My four big girls had their hair chopped off this week. The cumulative total was 45 inches of hair for Locks of Love, an organization that provides wigs to children who have lost their hair due to cancer.
It was fairly surprising to me how easy it was for them to lose 10+ inches of hair each — they were even excited. But as for me, I had that familiar feeling of wanting to hold on. Those darling curls, those long, shining, tresses. Gone.
Just a little thing
Of course, it was just a little thing. I know their hair will grow back, and I am glad that I didn’t let on to them my melancholy attachment to something they could let go of so easily for a good cause.
It reminded me of the day that we were going through our basement trying to clean out some clutter, but also looking for things that we just haven’t been using and don’t need to hold on to anymore. We were thinking of Cardinal Arinze’s famous words:
If you haven’t used it in more than a year, it doesn’t belong to you anymore. It belongs to the poor.
That’s when Madeleine found a doll she hadn’t played with in a long time. “I want to give this one to St. Vincent de Paul, Mommy.” I looked at the doll and realized that it was an American Girl doll. I felt a rush of that feeling of: Yikes. It’s gonna hurt to let go of this.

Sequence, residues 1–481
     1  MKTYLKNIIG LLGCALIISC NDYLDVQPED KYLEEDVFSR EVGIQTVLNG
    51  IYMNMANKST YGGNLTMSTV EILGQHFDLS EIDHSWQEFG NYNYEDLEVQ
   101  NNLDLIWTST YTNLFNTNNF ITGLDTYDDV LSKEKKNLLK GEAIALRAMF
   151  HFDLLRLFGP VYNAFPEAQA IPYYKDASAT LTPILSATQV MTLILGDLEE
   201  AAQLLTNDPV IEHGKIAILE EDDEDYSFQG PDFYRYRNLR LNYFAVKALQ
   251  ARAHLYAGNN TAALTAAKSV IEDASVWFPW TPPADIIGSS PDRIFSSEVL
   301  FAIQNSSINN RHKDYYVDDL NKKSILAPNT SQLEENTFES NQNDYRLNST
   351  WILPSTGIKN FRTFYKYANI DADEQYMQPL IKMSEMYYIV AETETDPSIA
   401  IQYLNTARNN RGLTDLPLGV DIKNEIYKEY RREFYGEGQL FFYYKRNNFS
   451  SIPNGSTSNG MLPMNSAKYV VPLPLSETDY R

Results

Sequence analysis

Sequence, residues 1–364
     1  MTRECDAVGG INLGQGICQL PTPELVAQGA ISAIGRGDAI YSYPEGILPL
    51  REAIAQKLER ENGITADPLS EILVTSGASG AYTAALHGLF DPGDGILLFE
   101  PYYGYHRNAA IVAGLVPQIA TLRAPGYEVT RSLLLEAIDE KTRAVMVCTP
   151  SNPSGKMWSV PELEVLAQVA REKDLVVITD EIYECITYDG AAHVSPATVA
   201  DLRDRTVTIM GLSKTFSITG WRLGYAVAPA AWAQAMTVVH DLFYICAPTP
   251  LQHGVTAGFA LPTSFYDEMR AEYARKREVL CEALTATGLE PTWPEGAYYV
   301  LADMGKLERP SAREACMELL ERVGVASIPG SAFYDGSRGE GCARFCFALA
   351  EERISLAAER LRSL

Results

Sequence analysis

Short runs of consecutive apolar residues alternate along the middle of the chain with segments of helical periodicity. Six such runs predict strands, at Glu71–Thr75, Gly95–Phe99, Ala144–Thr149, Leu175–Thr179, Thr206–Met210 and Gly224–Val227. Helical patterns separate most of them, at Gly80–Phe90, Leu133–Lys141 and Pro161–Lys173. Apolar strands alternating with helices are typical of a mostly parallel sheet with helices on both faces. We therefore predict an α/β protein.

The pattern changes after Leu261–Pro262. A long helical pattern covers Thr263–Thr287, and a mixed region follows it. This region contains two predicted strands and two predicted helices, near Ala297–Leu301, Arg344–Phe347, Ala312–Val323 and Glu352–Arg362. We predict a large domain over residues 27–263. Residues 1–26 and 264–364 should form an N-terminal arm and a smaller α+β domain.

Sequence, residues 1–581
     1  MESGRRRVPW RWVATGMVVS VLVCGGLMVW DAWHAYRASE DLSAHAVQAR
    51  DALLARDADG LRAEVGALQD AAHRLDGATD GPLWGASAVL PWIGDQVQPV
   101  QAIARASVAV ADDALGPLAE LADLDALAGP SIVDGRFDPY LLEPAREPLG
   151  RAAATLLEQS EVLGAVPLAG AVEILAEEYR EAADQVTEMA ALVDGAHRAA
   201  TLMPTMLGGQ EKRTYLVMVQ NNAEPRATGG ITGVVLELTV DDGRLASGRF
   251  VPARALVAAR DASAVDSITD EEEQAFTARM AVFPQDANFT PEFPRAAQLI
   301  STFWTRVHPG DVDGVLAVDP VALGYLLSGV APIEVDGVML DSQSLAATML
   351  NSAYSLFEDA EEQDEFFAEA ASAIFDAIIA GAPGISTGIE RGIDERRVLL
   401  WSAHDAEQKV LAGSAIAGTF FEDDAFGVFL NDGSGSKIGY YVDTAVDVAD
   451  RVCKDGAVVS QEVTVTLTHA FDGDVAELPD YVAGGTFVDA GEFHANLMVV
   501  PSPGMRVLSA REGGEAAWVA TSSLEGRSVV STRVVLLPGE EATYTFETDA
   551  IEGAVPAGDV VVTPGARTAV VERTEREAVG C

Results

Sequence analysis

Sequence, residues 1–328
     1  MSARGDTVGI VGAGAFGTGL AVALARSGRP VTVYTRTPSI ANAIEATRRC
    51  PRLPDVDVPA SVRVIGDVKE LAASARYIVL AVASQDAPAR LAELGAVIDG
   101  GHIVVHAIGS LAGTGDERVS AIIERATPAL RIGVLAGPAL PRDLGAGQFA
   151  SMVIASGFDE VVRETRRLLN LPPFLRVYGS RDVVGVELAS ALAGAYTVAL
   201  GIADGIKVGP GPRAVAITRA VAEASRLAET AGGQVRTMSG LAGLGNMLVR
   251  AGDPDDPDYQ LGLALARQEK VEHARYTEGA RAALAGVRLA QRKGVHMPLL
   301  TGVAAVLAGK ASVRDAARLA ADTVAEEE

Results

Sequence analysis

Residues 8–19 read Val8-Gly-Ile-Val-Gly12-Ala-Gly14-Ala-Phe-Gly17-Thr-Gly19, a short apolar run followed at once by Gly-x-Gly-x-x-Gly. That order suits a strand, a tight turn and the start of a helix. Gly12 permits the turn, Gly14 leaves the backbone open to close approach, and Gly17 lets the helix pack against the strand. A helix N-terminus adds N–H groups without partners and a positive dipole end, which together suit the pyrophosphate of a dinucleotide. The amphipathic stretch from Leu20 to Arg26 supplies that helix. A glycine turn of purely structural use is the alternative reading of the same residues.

I asked if she was sure, since it was a nice doll. She quoted a “Glory Story” she had heard about St. Katherine Drexel and reminded me that Jesus wants our best, not our leftovers.
The joy of giving
Just like with the girls’ hair, I know that the attachment to things is not something children seem to naturally struggle with. In fact, these are likely learned behaviors. We can learn a lot from our children about generosity and about the joy of giving something valuable to someone who needs it.
As I look at 45 fewer inches of hair over the next few months, I hope it can remind my own attachment-prone heart of simple, joyful, and self-forgetting giving.
(Mandie DeVries, Director of Religious Education, All Saints Parish)